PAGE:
Sophie Hatter

Howl’s Moving Castle by Diana Wynne Jones

“With one of the greatest character arcs, Sophie’s journey is inspiring for all those who’ve ever felt lost and unheard. Over the course of the book, Sophie transforms into a headstrong and powerful witch able to finally be herself after her long journey. Considerate and kind, Sophie will do anything for the ones she loves and even the ones she does not.” –Kelly

Inej Ghafa and Nina Zenik

Six of Crows by Leigh Bardugo

“If Inej were a player in D&D, she would be your rogue. And, sure, she can bring death upon enemies but she’ll also pray to the Saints while she slits their throats. Heck, her nickname is Wraith. Anybody with a name like that is bound to be cool. While she’s reticent, she does not hesitate to speak her mind on opinions she feels strongly about.” –Kelly

“Nina is a force to be reckoned with. She’s big and bold and above all loyal. She puts up with a lot of crap and doesn’t let anything stand in her way. Despite everything that’s happened to her, she doesn’t give up in helping her country and her people. Plus, she likes waffles more than anything.” –Jaime

Rosalyn

Calvin and Hobbes by Bill Watterson

“Rosalyn is one of the best characters in Calvin and Hobbes. (Though, really, they’re all the best.) She’s clever and she’s strong and she knows how to deal with Calvin on his own terms, which is pretty impressive for a high schooler, honestly. She has infinite patience and the fact that she manages to win a game of Calvinball just cements the fact that she’s basically the coolest ever.” –Kristen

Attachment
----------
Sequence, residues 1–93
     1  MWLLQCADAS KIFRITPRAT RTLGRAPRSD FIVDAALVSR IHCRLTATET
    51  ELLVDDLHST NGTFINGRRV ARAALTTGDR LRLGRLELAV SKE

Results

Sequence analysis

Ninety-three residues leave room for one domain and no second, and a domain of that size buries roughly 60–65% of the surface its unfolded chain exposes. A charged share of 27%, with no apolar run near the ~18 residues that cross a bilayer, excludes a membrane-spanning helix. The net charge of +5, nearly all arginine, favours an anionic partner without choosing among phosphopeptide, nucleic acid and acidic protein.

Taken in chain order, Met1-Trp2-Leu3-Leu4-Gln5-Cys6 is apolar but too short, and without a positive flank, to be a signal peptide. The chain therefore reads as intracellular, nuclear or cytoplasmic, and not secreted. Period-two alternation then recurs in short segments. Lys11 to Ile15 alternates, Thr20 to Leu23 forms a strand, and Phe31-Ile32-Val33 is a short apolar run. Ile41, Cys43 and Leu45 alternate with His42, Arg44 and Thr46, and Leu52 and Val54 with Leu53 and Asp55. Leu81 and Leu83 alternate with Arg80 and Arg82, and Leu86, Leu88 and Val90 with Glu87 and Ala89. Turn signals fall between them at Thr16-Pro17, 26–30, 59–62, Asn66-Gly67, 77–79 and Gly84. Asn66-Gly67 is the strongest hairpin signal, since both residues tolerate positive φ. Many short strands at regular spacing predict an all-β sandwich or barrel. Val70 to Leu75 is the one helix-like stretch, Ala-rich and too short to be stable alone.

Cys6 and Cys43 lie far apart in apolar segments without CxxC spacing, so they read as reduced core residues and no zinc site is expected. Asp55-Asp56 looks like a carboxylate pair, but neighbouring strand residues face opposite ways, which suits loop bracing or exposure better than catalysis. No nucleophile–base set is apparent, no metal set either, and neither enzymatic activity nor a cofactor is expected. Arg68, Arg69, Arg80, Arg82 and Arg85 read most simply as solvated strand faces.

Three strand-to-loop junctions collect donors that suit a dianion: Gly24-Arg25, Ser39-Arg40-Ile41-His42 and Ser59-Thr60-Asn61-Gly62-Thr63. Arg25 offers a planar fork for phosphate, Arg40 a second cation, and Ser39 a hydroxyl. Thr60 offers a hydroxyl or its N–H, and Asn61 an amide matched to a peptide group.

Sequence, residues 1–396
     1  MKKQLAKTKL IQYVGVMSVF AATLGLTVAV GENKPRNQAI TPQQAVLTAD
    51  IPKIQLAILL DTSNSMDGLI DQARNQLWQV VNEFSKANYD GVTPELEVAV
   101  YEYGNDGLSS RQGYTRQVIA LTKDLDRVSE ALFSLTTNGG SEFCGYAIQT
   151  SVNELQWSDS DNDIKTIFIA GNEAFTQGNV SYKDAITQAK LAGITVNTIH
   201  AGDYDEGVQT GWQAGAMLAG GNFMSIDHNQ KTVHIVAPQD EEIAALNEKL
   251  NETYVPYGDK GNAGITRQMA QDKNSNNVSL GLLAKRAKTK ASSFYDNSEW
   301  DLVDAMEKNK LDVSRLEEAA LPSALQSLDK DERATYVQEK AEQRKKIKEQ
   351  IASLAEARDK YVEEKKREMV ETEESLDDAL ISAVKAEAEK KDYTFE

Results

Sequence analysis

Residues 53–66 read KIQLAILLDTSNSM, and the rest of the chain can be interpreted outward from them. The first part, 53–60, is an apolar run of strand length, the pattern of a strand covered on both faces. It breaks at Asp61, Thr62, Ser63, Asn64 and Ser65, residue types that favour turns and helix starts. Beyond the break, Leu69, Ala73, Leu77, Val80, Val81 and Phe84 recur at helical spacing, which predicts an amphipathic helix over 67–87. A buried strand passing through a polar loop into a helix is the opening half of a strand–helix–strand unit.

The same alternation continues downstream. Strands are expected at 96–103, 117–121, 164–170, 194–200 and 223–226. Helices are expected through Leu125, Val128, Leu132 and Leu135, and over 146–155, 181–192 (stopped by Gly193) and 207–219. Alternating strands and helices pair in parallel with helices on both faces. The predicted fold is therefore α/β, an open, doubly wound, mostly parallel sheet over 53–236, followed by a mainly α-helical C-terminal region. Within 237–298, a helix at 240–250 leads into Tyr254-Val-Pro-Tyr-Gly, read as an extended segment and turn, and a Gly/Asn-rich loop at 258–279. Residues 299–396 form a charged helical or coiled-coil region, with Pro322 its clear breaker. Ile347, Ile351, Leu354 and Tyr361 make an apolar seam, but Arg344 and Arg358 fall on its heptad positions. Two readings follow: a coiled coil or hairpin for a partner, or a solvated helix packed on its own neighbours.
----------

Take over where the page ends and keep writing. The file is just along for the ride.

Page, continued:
Jo March

Little Women by Louisa May Alcott

“While Jo may come across untraditional for her time and more of a tomboy than a perfect little woman, she shows that women aren’t all the same and don’t have to be. She’s brash and feisty, but she stays true to her heart, not letting others sway her from her dreams or desires. And while she may be stubborn about a few things, her determination helps her reach her goals and do whatever she can for her family.” –Jaime

Lyra Belacqua/Lyra Silvertongue

His Dark Materials by Philip Pullman

“Lyra’s cleverness knows no bounds. Not only is she willful, but she’s a natural born storyteller. Fiercely loyal, she even went into the depths of Purgatory for a childhood friend, simultaneously risking her soul!” –Kelly

Lupita

The Painted Boy by Charles de Lint

“The little jackalope girl is my absolute favorite character in this book. She’s adorable, she’s wise, she’s innocent and she always tries to do the right thing. As far as mentor characters go, an ageless pre-teen is pretty amazing. And jackalopes are just cool. Seriously. I love her character so much.” –Kristen

Winry Rockbell

Fullmetal Alchemist by Hiromu Arakawa

“Winry is quite the whirring bearing. Always upbeat and enthusiastic, she takes any mechanical challenge head on, including Ed Elric’s constant barrage of automail damage. She isn’t afraid to get her hands dirty to solve an automail problem, and her stubbornness and strong will help her get the job done. Empathetic and loyal, Winry cares for those around her and isn’t afraid to wear her heart on her sleeve (or, I guess, shoulder). Don’t get on her bad side, though! She has a mean temper and a strong throwing arm.” –Jaime

Lila Bard

Shades of Magic series by V.E. Schwab

“Lila is both sassy and cunning. She’s a thief capable of stealing from an otherworldly wizard which sets in motion, potentially, the end of the world. Eh, but not to worry. Her quick thinking gets her out of most situations. She dreams of pirate adventures and seeing the world. With her sharp knife and even sharper tongue, Lila can’t help but come out on top.” –Kelly

Happy International Women’s Day!